Is Natural Skin Care a Benefit?

There are at least three approaches to acne skin care. One way to treat acne is to stick to tried and true medically based skin therapy. Doctors know they work because they give you enough of the medication that they are sure they are eradicating acne. The problem is that many of these treatments have severe side effects.

Another way to treat acne is to insist on totally natural therapies. Herbs, essential oils, and homemade acne products for some people are the only way to go. The problem is that natural treatments can also be harsh on the skin.

And a third way to treat acne is “whatever works.” Sometimes the right treatment may be pharmaceutical. Sometimes it may be a change in lifestyle or diet. Sometimes the right treatment may be chemical or an herb—but the goal of treatment is always to achieve lastingly clear skin rather than to prove one’s devotion to abstract ideas about therapies.

There are lots of examples of side effects caused by acne therapy. The antibiotic minocycline, for example, can cause blue or black staining of the teeth. You may get over your acne, but then you dare not show your smile.

The herbal remedy bloodroot, on the other hand, can eat a hole through they skin where it is used to “cleanse” a pimple. More than one herb enthusiast has been permanently scarred by trying to use bloodroot to get rid of a skin infection.

Natural Treatments that work

  • Tea tree oil not only kills acne bacteria, it also relieves redness and inflammation. The problem with most products that contain tea tree oil is that they contain enough tea tree oil to smell good but they don’t contain the 10% tea tree oil needed to fight acne infection. Reliable tea tree oil products include Serious Skin Care Clearz-It Nano Hydra+ On-the-Spot Treatment Acne Medication and Serious Skin Care Clearz-It Acne Medication, both of which use tea tree oil to offset irritation that may be caused by the other active ingredient, benzoyl peroxide. Derma E Tea Tree and E Face and Body Wash contains enough tea tree oil to fight infection but you rinse down the drain almost as soon as you put it on your skin. It will probably help clear up pimples—but not very fast.
  • Green tea extract helps reduce sebum production, especially in men, and especially on Asian skin types. Reducing the production of sebaceous skin oils won’t guarantee that you won’t develop blemishes, but it’s a good start. Products usually need to contain at least 2% green tea extract to have a significant effect. Good product choices include Clinique Acne Solutions Emergency Lotion, Paula’s Choice 2% Beta-Hydroxy Acid Gel/Lotion/or Liquid for All Skin Types, Serious Serum AHA Ingrown Hair Eliminator and Skin Exfoliant, and Exposed Skin Care Clear Pore Serum.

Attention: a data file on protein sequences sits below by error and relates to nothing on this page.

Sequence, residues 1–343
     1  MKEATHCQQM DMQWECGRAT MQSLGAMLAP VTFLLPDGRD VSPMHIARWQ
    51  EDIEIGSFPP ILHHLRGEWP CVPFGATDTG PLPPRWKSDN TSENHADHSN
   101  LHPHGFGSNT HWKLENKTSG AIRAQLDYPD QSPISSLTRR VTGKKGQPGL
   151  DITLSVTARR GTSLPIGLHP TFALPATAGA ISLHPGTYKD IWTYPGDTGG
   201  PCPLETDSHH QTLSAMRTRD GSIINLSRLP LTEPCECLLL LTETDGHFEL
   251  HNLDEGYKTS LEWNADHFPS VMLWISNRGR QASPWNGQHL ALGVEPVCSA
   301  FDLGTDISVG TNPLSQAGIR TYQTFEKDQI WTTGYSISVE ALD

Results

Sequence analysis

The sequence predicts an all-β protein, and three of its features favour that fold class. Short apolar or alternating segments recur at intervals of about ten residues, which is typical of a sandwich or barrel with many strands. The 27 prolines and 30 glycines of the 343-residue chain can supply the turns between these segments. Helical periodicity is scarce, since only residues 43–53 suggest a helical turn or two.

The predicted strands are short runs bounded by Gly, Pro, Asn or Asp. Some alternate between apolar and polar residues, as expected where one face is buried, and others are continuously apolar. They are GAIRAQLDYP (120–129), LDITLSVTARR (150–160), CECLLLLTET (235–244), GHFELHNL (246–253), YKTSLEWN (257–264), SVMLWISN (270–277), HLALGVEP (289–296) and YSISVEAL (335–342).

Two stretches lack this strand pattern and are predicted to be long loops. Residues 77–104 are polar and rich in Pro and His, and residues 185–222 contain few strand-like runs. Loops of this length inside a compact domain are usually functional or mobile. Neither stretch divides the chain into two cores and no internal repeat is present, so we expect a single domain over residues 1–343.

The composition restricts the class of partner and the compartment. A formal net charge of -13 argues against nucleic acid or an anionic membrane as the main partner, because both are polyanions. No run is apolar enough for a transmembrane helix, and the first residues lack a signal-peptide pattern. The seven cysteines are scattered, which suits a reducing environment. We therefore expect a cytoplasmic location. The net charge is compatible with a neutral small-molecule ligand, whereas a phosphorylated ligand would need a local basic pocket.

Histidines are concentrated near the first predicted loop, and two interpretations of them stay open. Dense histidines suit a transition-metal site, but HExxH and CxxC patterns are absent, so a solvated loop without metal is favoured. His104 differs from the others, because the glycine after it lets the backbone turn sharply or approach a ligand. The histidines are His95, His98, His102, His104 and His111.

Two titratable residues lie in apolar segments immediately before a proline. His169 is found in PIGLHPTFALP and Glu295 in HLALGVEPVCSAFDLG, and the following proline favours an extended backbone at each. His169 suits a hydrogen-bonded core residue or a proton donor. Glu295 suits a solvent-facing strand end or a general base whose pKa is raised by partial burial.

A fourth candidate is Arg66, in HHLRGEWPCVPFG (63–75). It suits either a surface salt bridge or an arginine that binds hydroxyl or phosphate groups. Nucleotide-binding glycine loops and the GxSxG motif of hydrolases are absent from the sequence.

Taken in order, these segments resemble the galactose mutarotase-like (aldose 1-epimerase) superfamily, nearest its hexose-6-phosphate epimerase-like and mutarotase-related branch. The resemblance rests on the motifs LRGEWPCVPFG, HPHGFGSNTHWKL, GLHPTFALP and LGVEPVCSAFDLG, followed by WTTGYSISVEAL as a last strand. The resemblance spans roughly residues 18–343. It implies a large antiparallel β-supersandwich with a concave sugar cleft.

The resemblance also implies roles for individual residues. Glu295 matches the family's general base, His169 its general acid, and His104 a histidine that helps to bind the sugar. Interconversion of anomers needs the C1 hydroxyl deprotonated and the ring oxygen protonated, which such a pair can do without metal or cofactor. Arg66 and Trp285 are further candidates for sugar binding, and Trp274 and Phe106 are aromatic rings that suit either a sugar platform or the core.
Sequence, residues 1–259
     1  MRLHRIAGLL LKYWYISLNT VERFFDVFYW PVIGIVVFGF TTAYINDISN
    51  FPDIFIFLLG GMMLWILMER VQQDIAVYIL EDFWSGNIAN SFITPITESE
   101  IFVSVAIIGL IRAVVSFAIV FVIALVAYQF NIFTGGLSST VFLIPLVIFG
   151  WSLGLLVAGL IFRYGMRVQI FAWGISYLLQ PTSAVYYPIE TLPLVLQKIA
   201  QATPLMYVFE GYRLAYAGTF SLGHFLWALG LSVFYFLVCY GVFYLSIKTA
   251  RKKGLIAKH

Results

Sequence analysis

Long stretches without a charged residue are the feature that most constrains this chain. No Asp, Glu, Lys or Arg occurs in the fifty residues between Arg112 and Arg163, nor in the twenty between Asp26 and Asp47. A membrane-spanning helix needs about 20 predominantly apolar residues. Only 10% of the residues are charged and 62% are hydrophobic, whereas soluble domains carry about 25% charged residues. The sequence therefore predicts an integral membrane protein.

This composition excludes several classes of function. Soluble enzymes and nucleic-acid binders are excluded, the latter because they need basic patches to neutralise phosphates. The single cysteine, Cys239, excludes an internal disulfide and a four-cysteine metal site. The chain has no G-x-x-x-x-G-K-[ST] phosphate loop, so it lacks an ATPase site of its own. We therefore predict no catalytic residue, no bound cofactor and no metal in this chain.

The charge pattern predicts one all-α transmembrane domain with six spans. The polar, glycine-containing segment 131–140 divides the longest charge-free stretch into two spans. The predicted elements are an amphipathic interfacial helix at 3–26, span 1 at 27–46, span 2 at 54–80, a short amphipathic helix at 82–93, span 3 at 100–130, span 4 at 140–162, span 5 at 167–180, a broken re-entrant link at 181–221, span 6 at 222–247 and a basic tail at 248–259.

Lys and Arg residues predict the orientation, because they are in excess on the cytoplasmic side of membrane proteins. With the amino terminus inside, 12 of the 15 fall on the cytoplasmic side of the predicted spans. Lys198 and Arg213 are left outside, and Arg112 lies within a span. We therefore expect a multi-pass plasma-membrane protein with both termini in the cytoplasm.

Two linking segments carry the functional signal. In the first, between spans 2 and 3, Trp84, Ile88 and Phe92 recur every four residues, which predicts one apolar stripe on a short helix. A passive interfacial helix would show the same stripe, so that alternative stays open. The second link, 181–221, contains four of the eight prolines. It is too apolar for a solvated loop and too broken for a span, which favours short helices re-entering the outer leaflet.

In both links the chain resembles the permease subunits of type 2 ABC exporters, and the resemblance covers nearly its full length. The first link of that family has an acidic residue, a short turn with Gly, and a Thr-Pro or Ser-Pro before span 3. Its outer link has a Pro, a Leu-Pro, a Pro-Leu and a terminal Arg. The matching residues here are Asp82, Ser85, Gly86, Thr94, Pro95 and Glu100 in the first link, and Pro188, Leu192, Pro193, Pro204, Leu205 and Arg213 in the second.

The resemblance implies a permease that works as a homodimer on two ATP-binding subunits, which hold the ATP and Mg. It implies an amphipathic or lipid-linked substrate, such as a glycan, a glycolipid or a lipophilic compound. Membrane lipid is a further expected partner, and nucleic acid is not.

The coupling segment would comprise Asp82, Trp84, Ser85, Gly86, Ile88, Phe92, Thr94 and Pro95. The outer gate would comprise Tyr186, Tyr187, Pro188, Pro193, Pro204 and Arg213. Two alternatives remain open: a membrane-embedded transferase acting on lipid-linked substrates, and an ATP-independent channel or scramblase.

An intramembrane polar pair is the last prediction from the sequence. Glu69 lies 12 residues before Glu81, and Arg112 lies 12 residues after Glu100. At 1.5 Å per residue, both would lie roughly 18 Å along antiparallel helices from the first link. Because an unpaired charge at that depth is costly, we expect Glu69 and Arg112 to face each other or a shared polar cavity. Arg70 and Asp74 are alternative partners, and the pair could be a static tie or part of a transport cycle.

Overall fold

• Resveratrol, the antioxidant discovered in red grapes but actually extracted from Chinese knotweed, helps clear up whiteheads and blackheads as well as pimples. You need a product that contains at least 6% resveratrol to make a difference, and because resveratrol is an antioxidant, it should come in a tube rather than in a jar. Antioxidants stored in an open jar quickly lose their potency. Good product choices include Cosmedicine Triple P Serum Daily Advanced Care Antioxidant and Multi-Nutrient Treatment.
    Most plant oils are actually useful for cleansing the skin, even if you have oily skin. You could actually cleanse your face with olive oil. An oil-in-water (mostly water) cleanser containing no alcohol, however, is optimal for most kinds of skin.

There are also some natural products that have demonstrated skin-healing properties that are not necessarily the best choice for acne care.

  • Aloe vera gel soothes irritated skin and encourages skin to heal. However, if you are trying to drain pores, encouraging skin to grow around them is not necessarily a good idea. The best time to use aloe is after you have had dermabrasion causing redness and irritation of your skin.
  • Honey, especially Manuka honey, is a great antiseptic. It fights nearly every imaginable kind of bacterial infection of the skin, except acne. If you have other skin infections, however, a honey mask is a great way to treat them.
  • Calendula fights both the bacteria that cause acne and the bacteria that cause impetigo. Calendula washes and gels are often a good treatment for acne, but many people are allergic to them.
  • Wintergreen extract contains tannins that literally “tan” the skin. They can make pimples less noticeable, but they are not really a great idea if your primary skin issue is whiteheads, since wintergreen can tighten the skin around small pores and keep them from draining.